Vail Daily letter: America’s place |

Vail Daily letter: America’s place

Peter Bergh
Vail, CO, Colorado

Following World War II, and with ever-increasing intensity, there has been another war raging across the United States. This is not a race war, as some would have us believe, but an economic war that has had the unintended and devastating consequences of pitting the haves against the have-nots. Witness today’s horse race for the prized Washington Cup.

Tragically, the seeds of this unnecessary conflict were planted at a time in our nation’s history when the country was at the very top of its game, respected and admired by the entire world as a bastion of outstanding achievement and offering to all the hope for universal prosperity and lasting peace.

Steeled by the Great Depression, and led by a man of vision and great courage, Americans were united by a common threat, and despite overwhelming odds, set about the formidable task of defeating the Axis in two widely separated theaters of war thousands of miles from home.

The euphoria of this incredible achievement lasted through the prosperous years when Eisenhower was president. However, ignoring Ike’s warning to “beware the military industrial complex,” and forgetting the reality that history has the tendency to repeat itself, the populace in its newfound and almost universal prosperity fell into a stupor of self-indulgent consumption, and an obsession with sports and entertainment that has proven to be intimately intertwined with corresponding feelings of entitlement.

Now, once again, it is dawn in America. More than 300 million Americans are slowly waking up to the fact that while most of the nation lay in stupor for several decades, our great public education system was allowed to virtually collapse, we assumed the costly role of world policeman while letting the nation’s entire domestic infrastructure fall into disrepair and coasted on our laurels.

As a direct consequence, the national debt has soared to $16 trillion, the current real deficit is in excess of $3 trillion and we are faced with $25 trillion of currently unfunded health care costs.

While the good news is that the United States has historically proven to be able to reinvent itself and prevail when faced with threats to its very survival as a nation (1776, 1861 and 1941, for example), the bad news is that though today about two-thirds of the voters believe that the nation is heading in the wrong direction, there is no consensus as to what must be done to alter course.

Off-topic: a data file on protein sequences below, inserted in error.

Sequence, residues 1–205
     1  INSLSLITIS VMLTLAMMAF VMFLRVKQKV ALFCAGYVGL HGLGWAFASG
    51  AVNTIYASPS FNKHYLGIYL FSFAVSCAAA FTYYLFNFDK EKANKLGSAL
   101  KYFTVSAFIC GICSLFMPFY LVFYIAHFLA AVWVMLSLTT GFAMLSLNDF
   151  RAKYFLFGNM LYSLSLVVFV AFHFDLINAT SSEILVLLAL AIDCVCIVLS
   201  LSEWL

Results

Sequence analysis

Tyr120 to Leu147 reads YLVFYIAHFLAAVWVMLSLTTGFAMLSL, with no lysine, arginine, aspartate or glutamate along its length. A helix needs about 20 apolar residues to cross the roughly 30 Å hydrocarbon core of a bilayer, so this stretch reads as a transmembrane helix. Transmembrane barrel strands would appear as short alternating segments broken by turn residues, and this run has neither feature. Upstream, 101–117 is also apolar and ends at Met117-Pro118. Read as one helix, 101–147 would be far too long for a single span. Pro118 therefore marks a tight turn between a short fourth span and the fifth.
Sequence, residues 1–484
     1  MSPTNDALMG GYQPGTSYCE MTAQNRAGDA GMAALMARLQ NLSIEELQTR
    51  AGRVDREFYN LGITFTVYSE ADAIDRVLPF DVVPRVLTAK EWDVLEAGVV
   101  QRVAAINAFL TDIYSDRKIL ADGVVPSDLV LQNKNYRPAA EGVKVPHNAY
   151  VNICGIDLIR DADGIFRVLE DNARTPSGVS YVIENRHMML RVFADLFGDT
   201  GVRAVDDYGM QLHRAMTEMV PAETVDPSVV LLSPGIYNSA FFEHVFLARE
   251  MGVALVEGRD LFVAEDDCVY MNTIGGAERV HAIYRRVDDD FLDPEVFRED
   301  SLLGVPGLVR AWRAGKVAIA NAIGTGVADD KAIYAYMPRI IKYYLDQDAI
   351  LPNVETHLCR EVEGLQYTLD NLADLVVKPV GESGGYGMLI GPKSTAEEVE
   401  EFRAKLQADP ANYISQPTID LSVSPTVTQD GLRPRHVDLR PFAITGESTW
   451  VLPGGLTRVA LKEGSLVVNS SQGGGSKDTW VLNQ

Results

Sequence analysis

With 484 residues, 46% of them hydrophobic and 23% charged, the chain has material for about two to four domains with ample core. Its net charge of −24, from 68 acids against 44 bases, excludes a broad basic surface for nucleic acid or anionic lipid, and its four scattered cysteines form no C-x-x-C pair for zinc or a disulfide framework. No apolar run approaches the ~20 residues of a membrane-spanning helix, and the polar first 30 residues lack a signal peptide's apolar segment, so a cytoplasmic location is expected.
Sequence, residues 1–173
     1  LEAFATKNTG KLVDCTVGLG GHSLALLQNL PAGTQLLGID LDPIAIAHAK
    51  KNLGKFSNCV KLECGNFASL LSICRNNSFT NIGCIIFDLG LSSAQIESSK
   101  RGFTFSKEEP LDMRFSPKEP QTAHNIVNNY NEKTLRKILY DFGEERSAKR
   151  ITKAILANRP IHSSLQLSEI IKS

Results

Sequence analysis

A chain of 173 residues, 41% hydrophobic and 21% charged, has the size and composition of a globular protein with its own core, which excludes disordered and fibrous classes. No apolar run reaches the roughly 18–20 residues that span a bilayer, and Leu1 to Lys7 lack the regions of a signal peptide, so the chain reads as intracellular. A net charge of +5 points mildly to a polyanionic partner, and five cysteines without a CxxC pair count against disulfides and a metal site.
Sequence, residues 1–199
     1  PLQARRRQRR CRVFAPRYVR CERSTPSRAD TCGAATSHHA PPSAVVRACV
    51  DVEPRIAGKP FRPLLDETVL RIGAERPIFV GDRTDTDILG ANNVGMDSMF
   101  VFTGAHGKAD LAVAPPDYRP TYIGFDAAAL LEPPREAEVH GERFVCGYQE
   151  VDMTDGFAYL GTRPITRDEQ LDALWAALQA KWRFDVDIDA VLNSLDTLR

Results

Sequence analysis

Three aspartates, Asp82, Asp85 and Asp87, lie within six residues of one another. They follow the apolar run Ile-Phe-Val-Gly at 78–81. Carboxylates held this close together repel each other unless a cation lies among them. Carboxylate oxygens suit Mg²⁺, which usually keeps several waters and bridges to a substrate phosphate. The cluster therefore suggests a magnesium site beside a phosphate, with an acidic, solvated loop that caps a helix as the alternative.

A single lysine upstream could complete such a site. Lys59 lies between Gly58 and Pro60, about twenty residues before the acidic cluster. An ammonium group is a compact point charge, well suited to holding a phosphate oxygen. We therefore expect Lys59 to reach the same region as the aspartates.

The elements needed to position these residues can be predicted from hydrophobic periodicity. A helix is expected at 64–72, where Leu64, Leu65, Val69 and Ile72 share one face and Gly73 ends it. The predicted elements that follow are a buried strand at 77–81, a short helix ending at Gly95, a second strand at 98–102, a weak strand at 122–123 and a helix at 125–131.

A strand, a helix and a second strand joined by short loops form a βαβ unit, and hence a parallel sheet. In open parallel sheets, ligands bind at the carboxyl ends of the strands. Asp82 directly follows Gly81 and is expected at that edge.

Of greatest concern to me at this critical point in time is that there does not yet appear to be a leader on the horizon having the stature of Washington, Lincoln or FDR – a person who has the knowledge, conviction, experience, integrity and the courage to stand up tall and tell the American people the harsh truth as to what must be done to overcome the huge challenges we face in order to ensure America’s survival and a return to greatness and world acclaim once again.

This will of necessity entail convincing a self-indulgent electorate of the need for MASS (mutually agreed shared sacrifices) at all socio-economic as well as corporate levels, and for everyone to recognize that ultimately someone will have to pay the bill for what has become known and accepted as the “free-lunch” that most everyone feels entitled to. Houston, we do indeed have a problem, and it is much greater than originally thought.

Clearly the wheels are in danger of coming off the bus. However, before they do, it is my hope that people will soon take heed of Abraham Lincoln’s dire warning that “a nation divided against itself cannot stand” and take appropriate action in order to avoid the fatal crash that a great many of us see coming.

Peter Bergh


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